We may have further to fall in this episode than in earlier bear cycles. Previous bear cycles started in 1901, with a P/E (as cyclically adjusted) of 23; in 1929, with a P/E of 28; in 1937, with a P/E of 19; and in 1966, with a P/E of 21. In all bar one, multiples had fallen by more than half by the time the cycle came to an end.

The current bear cycle began in 2000, with a P/E of 42. So on this analysis, we started this decade at historically irrational valuations. Multiples need to get back at least into the teens before a secular bull market can start (and we are currently at a P/E of about 26).

It is also easy to be tricked by a succession of positive years – at one point there were three “up” years in a row during the 1966-1981 bear market, or by new highs, as happened last year.

There was a similar event in 1972, when the P/E multiple hit 18, and the Dow hit a new high. Volatility was very low – exactly as was the case during the first half of last year – and, as it turned out, the market was primed for a new, savage round of sell-offs.

If there is an external driver for these cycles (beyond investors’ animal spirits), it is inflation. Higher inflation will require investors to demand lower earnings multiples. Japanese-style deflation, where reducing prices put long-lasting downward pressure on profits, also pushes down multiples.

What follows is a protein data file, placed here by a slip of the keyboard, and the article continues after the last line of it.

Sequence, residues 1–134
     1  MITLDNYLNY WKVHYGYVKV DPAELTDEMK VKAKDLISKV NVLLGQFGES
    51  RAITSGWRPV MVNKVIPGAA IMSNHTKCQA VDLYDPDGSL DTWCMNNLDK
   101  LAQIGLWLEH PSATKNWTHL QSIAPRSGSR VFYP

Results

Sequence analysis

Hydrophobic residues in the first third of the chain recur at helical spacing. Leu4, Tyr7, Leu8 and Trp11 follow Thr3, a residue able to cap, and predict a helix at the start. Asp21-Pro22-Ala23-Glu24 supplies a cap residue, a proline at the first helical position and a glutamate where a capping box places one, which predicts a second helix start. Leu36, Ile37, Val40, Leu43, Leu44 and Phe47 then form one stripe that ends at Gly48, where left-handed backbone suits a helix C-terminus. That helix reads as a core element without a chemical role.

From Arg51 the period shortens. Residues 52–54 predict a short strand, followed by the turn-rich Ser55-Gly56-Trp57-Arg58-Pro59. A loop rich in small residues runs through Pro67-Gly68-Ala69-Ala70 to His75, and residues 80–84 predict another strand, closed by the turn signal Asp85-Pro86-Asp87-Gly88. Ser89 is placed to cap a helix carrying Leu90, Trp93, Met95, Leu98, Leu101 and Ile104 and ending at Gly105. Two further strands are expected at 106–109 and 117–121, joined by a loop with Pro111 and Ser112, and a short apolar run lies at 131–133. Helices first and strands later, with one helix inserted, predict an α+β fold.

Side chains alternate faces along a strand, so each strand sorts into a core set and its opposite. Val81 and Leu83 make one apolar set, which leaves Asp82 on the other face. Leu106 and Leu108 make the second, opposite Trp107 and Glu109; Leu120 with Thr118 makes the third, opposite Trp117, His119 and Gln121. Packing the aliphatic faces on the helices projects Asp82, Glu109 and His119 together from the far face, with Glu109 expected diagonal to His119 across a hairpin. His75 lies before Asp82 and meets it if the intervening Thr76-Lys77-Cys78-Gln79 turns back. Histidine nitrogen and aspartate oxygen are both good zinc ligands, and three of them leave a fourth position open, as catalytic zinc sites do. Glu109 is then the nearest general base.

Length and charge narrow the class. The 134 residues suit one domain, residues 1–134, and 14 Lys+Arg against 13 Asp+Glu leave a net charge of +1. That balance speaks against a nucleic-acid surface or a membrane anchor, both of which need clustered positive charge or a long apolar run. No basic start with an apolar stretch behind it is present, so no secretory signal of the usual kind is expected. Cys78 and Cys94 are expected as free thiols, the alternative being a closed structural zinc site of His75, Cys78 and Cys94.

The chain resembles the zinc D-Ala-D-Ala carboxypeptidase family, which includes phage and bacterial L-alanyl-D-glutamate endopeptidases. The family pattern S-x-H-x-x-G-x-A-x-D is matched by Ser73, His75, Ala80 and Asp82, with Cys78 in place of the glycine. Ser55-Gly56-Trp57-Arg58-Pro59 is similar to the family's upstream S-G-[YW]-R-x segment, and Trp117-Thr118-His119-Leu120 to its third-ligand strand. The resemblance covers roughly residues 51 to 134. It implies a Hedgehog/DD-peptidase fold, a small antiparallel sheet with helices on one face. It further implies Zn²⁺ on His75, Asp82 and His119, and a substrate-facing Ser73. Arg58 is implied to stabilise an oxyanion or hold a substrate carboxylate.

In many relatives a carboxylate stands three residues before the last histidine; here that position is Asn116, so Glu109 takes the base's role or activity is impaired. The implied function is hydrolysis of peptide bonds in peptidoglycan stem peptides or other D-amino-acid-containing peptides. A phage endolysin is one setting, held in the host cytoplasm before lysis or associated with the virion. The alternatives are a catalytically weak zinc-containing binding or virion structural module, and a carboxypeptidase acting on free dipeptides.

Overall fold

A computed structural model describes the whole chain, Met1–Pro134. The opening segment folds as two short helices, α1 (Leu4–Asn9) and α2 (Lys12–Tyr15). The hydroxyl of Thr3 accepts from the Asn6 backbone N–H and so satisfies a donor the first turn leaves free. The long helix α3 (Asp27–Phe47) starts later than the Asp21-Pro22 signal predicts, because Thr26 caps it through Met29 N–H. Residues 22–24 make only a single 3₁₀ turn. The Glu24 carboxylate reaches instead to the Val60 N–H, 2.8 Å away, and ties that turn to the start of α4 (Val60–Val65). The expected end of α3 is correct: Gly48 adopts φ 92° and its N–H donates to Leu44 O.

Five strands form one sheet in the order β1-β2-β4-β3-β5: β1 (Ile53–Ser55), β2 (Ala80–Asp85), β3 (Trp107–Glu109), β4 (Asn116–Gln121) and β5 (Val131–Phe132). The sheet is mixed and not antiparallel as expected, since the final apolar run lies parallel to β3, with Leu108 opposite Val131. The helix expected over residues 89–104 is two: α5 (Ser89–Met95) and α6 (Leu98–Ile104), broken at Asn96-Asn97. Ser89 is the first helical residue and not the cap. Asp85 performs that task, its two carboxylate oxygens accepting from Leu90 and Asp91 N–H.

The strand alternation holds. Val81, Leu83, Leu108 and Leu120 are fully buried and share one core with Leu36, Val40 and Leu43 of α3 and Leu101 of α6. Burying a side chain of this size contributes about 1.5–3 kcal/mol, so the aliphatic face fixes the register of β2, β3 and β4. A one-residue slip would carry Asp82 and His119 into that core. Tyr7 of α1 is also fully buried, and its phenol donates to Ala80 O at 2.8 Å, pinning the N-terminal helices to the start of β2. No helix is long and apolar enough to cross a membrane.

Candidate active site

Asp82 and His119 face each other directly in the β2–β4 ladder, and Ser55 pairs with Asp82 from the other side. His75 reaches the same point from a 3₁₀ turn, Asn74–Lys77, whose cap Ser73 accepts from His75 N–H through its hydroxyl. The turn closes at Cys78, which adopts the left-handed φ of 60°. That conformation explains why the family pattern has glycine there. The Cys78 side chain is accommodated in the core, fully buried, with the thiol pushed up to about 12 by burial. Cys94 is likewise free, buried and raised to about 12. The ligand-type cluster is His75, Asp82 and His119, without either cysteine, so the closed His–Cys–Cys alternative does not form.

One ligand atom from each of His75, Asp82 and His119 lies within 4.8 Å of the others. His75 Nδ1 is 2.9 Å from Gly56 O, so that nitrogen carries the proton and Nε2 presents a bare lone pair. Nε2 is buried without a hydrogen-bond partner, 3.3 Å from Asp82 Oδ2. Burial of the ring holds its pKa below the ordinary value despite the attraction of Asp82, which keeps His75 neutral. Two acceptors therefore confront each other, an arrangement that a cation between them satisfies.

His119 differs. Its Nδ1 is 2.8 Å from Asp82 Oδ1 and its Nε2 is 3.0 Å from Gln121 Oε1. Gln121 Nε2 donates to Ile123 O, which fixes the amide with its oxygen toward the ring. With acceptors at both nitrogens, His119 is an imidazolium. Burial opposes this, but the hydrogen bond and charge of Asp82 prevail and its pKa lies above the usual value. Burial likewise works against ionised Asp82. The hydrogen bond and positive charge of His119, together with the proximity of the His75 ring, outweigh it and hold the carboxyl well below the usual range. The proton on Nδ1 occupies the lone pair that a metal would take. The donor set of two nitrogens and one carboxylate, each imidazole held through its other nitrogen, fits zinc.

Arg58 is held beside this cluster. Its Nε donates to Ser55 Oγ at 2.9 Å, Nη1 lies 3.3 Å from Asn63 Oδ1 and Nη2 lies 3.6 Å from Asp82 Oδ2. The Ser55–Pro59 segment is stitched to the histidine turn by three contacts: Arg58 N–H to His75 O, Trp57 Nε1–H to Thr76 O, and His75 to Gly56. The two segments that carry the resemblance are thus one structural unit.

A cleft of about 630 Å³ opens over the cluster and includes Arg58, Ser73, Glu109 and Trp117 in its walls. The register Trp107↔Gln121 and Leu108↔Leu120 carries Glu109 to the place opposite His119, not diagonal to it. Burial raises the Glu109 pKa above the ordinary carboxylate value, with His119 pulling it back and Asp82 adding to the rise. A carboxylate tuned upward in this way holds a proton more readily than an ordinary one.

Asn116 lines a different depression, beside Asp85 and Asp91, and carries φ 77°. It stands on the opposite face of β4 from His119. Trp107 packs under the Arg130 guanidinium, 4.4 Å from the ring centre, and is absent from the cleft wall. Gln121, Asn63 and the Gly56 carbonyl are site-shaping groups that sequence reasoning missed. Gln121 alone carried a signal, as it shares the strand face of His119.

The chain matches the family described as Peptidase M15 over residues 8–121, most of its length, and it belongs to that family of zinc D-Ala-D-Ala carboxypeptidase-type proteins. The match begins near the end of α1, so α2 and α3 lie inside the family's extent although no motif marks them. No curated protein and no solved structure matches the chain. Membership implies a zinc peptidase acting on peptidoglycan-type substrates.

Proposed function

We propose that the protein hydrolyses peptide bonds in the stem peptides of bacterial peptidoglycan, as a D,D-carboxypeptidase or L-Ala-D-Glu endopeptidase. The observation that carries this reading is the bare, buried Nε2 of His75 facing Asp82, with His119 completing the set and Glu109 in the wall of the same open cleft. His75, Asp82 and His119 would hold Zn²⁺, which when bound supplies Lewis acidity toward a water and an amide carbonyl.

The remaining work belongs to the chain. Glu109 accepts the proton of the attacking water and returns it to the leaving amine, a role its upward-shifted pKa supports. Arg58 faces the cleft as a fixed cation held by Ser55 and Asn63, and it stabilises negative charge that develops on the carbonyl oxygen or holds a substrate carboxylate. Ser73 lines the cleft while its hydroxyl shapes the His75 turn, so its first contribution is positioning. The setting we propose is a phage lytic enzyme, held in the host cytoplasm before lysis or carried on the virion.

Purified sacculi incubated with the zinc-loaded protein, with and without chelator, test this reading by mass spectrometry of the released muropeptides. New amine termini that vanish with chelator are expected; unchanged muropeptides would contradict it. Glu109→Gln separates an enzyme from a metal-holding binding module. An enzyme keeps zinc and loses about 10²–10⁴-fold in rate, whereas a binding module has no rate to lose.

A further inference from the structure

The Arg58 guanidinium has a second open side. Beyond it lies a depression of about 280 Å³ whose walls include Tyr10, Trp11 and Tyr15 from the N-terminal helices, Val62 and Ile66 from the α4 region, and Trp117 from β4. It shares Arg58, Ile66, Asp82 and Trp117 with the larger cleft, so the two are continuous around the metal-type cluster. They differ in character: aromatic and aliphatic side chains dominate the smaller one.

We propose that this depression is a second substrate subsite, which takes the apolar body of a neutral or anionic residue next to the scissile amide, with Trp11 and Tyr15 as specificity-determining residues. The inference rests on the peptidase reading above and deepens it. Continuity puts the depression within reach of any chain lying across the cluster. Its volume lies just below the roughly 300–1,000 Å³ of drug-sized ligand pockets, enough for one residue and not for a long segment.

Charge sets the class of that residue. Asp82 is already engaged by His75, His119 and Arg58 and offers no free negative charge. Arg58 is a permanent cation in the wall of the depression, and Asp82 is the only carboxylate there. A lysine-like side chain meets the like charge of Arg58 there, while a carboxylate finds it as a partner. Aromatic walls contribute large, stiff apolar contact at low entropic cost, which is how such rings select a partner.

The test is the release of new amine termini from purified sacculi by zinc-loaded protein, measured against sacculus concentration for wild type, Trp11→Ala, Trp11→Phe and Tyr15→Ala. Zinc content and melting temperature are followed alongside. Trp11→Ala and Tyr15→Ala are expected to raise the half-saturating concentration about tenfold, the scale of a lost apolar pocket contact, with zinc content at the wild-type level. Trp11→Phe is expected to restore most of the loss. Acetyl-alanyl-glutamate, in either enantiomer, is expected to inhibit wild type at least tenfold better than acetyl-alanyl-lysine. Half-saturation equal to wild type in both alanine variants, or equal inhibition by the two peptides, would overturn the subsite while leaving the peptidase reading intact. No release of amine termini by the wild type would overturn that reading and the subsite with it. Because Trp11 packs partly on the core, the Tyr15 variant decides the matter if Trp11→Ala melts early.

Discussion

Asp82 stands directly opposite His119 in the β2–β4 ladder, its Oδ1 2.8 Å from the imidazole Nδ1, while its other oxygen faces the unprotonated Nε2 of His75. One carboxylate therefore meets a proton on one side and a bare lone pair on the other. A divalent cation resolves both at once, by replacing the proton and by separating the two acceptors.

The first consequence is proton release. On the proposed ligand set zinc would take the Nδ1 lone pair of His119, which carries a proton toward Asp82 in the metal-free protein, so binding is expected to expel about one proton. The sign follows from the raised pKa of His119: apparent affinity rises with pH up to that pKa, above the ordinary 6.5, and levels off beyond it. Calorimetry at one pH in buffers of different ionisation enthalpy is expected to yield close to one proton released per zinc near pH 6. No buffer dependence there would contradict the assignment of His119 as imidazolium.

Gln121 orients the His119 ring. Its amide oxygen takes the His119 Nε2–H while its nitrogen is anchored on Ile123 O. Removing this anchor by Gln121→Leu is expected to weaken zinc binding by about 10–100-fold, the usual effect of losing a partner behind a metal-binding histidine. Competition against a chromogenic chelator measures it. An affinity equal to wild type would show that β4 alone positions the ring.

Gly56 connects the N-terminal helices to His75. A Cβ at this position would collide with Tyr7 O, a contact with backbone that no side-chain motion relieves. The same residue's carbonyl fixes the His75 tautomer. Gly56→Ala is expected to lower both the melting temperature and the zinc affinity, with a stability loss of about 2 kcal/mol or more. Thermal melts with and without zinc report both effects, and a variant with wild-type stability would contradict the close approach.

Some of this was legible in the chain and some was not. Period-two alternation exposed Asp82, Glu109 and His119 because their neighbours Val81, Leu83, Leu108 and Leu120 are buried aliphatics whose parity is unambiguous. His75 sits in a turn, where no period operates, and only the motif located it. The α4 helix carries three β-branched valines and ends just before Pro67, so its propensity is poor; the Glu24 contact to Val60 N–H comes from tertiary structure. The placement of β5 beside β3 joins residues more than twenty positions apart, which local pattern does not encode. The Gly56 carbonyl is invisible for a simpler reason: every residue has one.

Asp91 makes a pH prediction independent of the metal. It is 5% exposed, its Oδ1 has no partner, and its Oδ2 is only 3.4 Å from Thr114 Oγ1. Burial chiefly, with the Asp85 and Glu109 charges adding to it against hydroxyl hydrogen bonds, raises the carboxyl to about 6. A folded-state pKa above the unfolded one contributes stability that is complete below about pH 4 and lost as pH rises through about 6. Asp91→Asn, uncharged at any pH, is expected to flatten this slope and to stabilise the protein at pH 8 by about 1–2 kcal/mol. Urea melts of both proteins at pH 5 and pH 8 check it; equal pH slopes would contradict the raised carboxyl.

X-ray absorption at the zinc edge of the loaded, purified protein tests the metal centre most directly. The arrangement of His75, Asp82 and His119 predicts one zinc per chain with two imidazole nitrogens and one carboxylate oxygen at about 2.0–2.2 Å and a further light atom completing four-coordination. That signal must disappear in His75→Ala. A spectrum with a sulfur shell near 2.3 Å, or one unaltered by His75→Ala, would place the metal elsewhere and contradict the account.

The economy is certainly not unimportant, as a slowdown in activity will make it harder for companies to make profits. But this analysis suggests that the current great preoccuption with the risks of a recession is misplaced – at least from the perspective of investment in stocks.

According to Easterling’s calculations, the average annual return on the Dow during bear cycles was minus 4.2 per cent during the 20th century, while the average during bull cycles was 14.6 per cent. Meanwhile, GDP growth was actually slightly higher during bear cycles (6.9 per cent) than bull cycles (6.3 per cent).

Rather, investors should be more concerned with the debate over inflation. Some fear stagflation, others see a risk of Japan-style deflation, but break-evens in index-linked bond markets suggest the market still broadly believes these risks are under control. That suggests the recent sell-off could be overdone.

Markets should also worry about earnings. The profit cycle is well established, and if corporate profits were to decline this year that would be quite in line with historical experience.

Sell-side analysts’ estimates still imply a strong rebound for earnings by the end of the year.

Finally, there should be a realisation that the bizarre event of this decade is not the recent return of volatility. Rather, it was the recovery that started in 2003.

Possibly due to the flood of cheap money from the Federal Reserve, this arrested the fall in stock prices at a point when multiples had still not got down to the levels normally needed before a strong recovery can start.